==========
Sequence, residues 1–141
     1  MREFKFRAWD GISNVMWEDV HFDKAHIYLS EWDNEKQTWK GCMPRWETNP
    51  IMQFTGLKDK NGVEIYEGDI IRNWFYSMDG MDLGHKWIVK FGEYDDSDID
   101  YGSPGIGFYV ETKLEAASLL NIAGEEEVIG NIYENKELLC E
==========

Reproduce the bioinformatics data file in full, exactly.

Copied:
Sequence, residues 1–141
     1  MREFKFRAWD GISNVMWEDV HFDKAHIYLS EWDNEKQTWK GCMPRWETNP
    51  IMQFTGLKDK NGVEIYEGDI IRNWFYSMDG MDLGHKWIVK FGEYDDSDID
   101  YGSPGIGFYV ETKLEAASLL NIAGEEEVIG NIYENKELLC E